Today's climate and energy headlines:
- British power grid notches up first week of coal-free operation
- Climate crisis: flooding threat ‘may force UK towns to be abandoned’
- Energy company SSE to cut 444 jobs as customers snub smart meters
- Half world's biggest airlines don't offer carbon offsetting
- ExxonMobil pledges $100m for emissions-reduction research
- New Zealand introduces 'zero carbon' bill with concession to farmers
- The Times view on clean air: Suffocating Cities
- Cleaner Britain
- The UN report on extinction vs. Mike Pompeo at the Arctic Council
- Sea-ice algal phenology in a warmer Arctic
- Socio-economic conditions and small business vulnerability to climate change impacts in Hong Kong
Britain’s electricity grid has gone a full week without coal for the first time since the Industrial Revolution, the Press Association reports. According to the National Grid Electricity System Operator (ESO), which runs the network in England, Scotland and Wales, the new record was set at 1.24pm yesterday – a week after the last coal generator came off the system. The milestone marks the first coal-free week since 1882, when a coal plant opened at Holborn in London, notes the Guardian. And it comes only two years after Britain’s first coal-free day. “While this is the first time this has happened, I predict it will become the new normal,” says Fintan Slye, director of ESO, quoted in the Financial Times. He adds: “As more and more renewables come on to our energy system, coal-free runs like this are going to be a regular occurrence. We believe that by 2025 we will be able to fully operate Great Britain’s electricity system with zero carbon.” The Independent quotes Greg Clark, the business and energy secretary, saying: “Going a week without coal for the first time since the industrial revolution is a huge leap forward in our world-leading efforts to reduce emissions, but we’re not stopping there…To combat climate change and seize on the opportunities of clean growth, we’re phasing out coal entirely by 2025 and building a cleaner, greener energy system.” The Hill, Reuters, Vox and BusinessGreen also cover the story, while Carbon Brief produced an animation of how coal-fired power has declined this year.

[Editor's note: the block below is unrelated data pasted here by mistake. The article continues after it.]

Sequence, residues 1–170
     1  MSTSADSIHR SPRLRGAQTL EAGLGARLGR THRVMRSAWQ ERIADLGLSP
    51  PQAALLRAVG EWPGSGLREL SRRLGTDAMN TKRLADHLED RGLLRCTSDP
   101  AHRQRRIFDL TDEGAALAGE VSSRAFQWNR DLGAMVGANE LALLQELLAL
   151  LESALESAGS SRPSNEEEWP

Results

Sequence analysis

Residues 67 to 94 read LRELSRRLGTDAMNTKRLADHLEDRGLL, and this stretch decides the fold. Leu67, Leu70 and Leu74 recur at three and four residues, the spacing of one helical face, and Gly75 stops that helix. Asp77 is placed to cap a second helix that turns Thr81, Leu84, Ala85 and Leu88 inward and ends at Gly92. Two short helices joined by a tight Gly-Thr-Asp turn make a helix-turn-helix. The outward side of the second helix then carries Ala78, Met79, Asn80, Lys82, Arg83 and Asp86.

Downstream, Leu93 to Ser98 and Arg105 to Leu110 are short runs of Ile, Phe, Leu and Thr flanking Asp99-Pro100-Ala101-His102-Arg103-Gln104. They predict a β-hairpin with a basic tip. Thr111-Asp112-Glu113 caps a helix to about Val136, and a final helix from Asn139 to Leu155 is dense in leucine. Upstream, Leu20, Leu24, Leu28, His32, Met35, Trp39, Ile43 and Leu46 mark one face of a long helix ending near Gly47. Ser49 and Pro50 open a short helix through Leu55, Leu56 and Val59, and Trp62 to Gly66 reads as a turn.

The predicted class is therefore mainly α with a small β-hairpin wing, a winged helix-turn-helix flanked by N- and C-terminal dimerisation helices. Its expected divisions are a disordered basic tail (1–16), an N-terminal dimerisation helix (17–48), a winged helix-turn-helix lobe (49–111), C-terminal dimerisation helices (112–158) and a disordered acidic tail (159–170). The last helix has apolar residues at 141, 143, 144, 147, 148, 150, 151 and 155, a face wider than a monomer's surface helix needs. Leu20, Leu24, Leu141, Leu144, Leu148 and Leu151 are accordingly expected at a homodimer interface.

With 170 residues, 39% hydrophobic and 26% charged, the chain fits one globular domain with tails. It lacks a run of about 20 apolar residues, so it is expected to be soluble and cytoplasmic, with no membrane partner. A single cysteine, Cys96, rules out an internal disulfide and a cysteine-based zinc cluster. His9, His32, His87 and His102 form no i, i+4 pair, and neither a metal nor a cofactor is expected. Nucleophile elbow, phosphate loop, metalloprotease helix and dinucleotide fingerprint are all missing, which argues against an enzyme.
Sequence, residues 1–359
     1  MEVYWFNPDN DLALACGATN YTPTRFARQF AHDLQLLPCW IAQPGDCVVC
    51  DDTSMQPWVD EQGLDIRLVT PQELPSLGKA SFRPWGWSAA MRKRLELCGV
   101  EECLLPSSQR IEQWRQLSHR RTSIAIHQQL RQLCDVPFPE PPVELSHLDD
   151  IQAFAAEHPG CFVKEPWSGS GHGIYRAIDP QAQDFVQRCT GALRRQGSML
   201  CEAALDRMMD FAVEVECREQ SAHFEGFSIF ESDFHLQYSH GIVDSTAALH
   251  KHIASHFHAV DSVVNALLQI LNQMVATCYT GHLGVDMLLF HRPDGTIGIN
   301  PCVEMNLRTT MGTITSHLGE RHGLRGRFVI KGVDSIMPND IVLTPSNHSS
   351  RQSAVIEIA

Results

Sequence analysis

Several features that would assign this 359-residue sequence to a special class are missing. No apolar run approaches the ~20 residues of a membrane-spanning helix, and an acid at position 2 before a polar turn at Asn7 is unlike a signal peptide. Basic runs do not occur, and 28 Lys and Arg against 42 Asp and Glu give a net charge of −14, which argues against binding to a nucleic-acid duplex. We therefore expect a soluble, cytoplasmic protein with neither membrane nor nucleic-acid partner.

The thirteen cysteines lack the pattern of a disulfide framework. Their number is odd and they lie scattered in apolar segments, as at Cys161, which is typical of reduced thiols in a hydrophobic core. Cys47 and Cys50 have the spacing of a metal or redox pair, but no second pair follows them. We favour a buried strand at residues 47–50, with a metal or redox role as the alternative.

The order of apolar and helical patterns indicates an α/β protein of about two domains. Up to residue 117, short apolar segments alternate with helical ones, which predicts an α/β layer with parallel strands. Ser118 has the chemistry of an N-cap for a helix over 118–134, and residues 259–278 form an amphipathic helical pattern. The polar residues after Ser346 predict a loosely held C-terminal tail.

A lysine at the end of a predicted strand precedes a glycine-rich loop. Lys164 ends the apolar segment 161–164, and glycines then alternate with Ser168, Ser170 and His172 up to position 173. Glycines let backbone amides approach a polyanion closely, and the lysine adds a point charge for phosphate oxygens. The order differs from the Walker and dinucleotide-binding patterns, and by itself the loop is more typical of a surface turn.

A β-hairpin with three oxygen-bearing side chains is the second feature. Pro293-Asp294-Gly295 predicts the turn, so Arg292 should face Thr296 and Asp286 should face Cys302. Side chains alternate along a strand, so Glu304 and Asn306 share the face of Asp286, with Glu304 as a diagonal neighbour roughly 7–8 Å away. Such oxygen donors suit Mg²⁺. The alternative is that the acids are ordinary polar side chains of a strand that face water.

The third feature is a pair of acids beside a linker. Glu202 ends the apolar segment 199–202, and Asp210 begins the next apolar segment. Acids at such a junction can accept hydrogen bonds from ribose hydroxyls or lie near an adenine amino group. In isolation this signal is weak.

In its main frontpage story, the Guardian reports on warnings from the Environment Agency that entire communities might need to be moved away from coasts and rivers as the UK prepares for as much as 4C of global warming. Discussing the agency’s long-term strategy for tackling flooding and coastal change, chair Emma Howard Boyd is quoted in the paper saying that difficult decisions would have to be taken in the coming years to make sure the UK was resilient to flooding: “We can’t win a war against water by building away climate change with infinitely high flood defences. We need to develop consistent standards for flood and coastal resilience in England that help communities better understand their risk and give them more control about how to adapt and respond”. The agency’s strategy notes that at least £1bn a year will still need to be spent on traditional flood and coastal defences in the face of climate change, says the Press Association. Environment minister Therese Coffey said the government was already providing £2.6bn over six years, “delivering more than 1,500 projects to better protect 300,000 homes”, reports BBC News, but “the threat of climate change will mean an increasing risk and preparing the country is a priority for the government, and the nation as a whole”. The agency’s strategy also recommends that properties in high-risk areas should raise electrics to a higher level and install hard flooring to make it easier to recover after flooding, notes the Daily Telegraph.